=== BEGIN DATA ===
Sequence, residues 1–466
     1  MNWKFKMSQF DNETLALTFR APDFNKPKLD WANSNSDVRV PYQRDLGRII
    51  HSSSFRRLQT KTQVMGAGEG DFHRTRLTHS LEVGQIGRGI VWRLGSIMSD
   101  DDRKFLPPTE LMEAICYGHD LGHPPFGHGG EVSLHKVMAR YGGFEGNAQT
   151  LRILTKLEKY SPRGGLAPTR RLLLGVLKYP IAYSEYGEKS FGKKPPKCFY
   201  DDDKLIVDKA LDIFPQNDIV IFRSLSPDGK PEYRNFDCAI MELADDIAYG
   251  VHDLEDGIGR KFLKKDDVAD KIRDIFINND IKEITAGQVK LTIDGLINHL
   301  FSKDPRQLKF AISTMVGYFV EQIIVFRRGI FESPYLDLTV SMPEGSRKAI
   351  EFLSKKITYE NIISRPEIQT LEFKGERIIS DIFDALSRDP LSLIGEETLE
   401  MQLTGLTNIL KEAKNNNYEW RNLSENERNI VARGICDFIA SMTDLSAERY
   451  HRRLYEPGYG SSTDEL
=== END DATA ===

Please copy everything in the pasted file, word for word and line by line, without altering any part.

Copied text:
Sequence, residues 1–466
     1  MNWKFKMSQF DNETLALTFR APDFNKPKLD WANSNSDVRV PYQRDLGRII
    51  HSSSFRRLQT KTQVMGAGEG DFHRTRLTHS LEVGQIGRGI VWRLGSIMSD
   101  DDRKFLPPTE LMEAICYGHD LGHPPFGHGG EVSLHKVMAR YGGFEGNAQT
   151  LRILTKLEKY SPRGGLAPTR RLLLGVLKYP IAYSEYGEKS FGKKPPKCFY
   201  DDDKLIVDKA LDIFPQNDIV IFRSLSPDGK PEYRNFDCAI MELADDIAYG
   251  VHDLEDGIGR KFLKKDDVAD KIRDIFINND IKEITAGQVK LTIDGLINHL
   301  FSKDPRQLKF AISTMVGYFV EQIIVFRRGI FESPYLDLTV SMPEGSRKAI
   351  EFLSKKITYE NIISRPEIQT LEFKGERIIS DIFDALSRDP LSLIGEETLE
   401  MQLTGLTNIL KEAKNNNYEW RNLSENERNI VARGICDFIA SMTDLSAERY
   451  HRRLYEPGYG SSTDEL